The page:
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Exhibition Highlights African-American Artists from the South

Janice Morris, Sister Friend, 2006, acrylic on canvas board, 9 x 12”

Janice Morris, Sister Friend, 2006, acrylic on canvas board, 9 x 12”

Georgia Southern University’s Betty Foy Sanders Department of Art presents Celebrating African-American Artists Feb.1 to July 29 on-campus in the Southern Folk Art Gallery of the Center for Art and Theatre. The exhibition includes a reception Feb. 11 at 6 p.m. at the Center for Art and Theatre. The events are free and the public is welcome.

This exhibition features work created by renowned African-American artists from the South. It was curated by Annamarie Kistler, a graduate assistant at the BFSDoArt, from the Smith Callaway Banks Southern Folk Art Collection at Georgia Southern University.

Kistler, who is pursuing her masters in history with a certificate in public history, currently is working as the collections manager, overseeing all of the pieces in the permanent collections at Georgia Southern.

“While cataloging the pieces we have in the Folk Art Collection, I realized we have a lot of pieces painted of childhood memories by African American Artists that have not been exhibited in a long time,” Kistler said. “I wanted to do this exhibition to show off these beautiful pieces by these very talented artists.”

This exhibition showcases the personal and intimate narratives of the artists’ most cherished memories, which is what folk art is all about. Its subject matter springs from community and cultural traditions, expressing an identity by conveying shared values and aesthetics.

“Each of these pieces carry something special,” she said. “What is interesting is for some pieces the artist purposefully left out the detail on the faces so the viewer could further connect with the piece by imposing their own memories on the faces in the artwork.”

“The Smith Callaway Banks Southern Folk Art Collection is a treasure trove of styles, ideas, and materials,” said Center for Art & Theatre Gallery Director Jason Hoelscher. “In curating this show Annamarie has shown a strong curatorial flair for coming up with an exhibition that covers a lot of territory in terms of medium and content, while maintaining a lot of heart in the ideas and scenes put together by the artists. The show is eclectic without being scattered, and definitely worth checking out.”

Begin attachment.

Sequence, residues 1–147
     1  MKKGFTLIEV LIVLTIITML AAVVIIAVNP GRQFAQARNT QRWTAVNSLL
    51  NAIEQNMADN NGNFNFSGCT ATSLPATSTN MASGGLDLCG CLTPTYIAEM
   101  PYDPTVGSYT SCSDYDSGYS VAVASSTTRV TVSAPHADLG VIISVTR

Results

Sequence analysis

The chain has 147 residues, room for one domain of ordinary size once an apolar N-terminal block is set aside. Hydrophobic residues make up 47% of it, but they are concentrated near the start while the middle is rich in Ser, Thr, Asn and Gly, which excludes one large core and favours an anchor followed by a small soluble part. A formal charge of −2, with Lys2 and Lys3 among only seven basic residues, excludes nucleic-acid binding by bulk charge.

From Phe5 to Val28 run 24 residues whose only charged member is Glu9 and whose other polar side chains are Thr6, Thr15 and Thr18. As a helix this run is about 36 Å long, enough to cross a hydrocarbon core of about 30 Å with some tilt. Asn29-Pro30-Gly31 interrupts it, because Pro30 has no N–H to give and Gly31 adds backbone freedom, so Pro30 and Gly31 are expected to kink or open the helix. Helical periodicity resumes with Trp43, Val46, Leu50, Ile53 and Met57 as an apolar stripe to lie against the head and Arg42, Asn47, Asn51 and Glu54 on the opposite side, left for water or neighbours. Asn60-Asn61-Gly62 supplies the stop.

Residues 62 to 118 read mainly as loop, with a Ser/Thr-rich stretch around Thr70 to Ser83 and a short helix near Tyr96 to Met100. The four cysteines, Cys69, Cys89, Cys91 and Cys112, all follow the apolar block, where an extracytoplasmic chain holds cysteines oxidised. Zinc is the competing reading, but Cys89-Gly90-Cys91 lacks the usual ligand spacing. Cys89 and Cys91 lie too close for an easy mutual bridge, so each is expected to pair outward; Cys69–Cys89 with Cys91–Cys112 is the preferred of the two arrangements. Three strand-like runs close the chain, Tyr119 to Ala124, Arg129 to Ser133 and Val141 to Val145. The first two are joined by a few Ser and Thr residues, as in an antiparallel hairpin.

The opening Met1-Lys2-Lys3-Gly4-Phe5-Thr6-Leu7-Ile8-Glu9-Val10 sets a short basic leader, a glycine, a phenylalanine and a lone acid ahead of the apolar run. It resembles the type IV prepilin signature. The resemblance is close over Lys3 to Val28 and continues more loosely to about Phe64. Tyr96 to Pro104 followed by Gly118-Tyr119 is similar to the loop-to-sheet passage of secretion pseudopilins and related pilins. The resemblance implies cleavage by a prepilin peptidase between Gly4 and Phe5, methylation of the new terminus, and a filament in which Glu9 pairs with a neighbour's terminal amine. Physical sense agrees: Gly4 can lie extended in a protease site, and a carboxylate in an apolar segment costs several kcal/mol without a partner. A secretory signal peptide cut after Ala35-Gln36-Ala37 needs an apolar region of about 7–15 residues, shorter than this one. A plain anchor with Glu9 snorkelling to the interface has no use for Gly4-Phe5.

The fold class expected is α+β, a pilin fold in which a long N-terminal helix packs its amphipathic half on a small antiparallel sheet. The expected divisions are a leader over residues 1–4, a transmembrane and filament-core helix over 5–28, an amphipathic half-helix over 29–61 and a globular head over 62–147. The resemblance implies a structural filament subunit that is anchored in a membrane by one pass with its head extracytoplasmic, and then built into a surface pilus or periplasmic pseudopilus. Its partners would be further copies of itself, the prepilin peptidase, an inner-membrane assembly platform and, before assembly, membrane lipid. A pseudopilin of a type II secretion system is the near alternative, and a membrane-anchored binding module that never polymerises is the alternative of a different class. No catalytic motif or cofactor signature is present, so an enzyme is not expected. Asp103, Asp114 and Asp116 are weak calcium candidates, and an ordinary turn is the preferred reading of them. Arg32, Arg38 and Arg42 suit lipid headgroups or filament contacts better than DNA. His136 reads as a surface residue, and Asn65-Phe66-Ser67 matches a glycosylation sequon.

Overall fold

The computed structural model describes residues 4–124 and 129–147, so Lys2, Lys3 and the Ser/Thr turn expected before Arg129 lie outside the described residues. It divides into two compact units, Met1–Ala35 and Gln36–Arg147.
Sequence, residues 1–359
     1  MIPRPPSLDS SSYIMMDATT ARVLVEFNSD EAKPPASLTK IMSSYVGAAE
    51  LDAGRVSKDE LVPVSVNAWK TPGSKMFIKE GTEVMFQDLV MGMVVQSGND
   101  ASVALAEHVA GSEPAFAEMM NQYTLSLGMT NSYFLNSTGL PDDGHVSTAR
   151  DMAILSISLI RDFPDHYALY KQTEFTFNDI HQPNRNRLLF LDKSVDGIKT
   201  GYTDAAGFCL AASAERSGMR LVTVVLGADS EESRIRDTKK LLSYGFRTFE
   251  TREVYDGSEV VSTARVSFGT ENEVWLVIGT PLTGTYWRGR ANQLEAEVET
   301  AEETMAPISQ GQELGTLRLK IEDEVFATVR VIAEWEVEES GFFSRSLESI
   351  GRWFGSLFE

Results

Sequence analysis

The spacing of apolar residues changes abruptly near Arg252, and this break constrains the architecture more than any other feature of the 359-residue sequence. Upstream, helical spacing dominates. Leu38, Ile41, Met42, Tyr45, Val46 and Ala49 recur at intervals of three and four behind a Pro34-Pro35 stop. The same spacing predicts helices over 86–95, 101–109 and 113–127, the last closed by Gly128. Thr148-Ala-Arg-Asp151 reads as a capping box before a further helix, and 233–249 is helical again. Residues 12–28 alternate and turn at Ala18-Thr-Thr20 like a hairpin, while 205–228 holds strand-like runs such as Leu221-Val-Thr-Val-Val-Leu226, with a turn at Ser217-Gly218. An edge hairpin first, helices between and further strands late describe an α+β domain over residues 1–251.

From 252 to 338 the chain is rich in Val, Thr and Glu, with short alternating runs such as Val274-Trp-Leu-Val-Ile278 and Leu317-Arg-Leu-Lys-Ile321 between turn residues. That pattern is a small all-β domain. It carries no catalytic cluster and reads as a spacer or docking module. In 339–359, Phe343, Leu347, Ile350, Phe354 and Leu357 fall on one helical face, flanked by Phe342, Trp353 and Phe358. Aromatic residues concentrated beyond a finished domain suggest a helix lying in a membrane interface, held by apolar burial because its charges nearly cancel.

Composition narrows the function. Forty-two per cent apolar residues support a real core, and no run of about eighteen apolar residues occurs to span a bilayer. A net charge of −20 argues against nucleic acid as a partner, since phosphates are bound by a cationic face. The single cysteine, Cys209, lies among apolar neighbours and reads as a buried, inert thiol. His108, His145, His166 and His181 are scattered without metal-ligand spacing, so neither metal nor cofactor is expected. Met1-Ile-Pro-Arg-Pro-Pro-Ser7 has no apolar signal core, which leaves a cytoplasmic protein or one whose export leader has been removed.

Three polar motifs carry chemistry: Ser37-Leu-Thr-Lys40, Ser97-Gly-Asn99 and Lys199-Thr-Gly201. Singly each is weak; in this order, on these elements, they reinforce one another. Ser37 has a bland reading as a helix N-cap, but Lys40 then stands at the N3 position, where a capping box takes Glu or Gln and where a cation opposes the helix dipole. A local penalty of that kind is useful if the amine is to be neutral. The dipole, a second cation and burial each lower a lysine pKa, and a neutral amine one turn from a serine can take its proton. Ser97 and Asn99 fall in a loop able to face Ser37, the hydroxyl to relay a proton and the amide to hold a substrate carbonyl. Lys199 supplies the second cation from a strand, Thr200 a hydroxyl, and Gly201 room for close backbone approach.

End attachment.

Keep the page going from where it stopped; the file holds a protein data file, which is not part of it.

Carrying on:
Work by the artists have been displayed all around the country from the Smithsonian Museum in Washington D.C., to major commissions with companies like Coca-Cola and newspapers such as the New York Times.

The College of Liberal Arts and Social Sciences (CLASS) is the largest of the eight colleges that make up Georgia Southern University, and it plays a central role in every student’s core of knowledge. CLASS, also described as the University’s College of the Creative Mind, prepares students to achieve academic excellence, develop their analytical skills, enhance their creativity and embrace their responsibilities as citizens of their communities, their nations and the world. CLASS offers more than 20 undergraduate degrees and several interdisciplinary minors from its 11 departments and five academic centers. CLASS offers eight master’s degrees, two graduate certificates and one doctoral degree.  For more information, visit

Georgia Southern University, a public Carnegie Doctoral/Research University founded in 1906, offers more than 125 degree programs serving more than 20,500 students. Through eight colleges, the University offers bachelors, masters and doctoral degree programs built on more than a century of academic achievement. Georgia Southern is recognized for its student-centered and hands-on approach to education.


Posted in Gallery Programming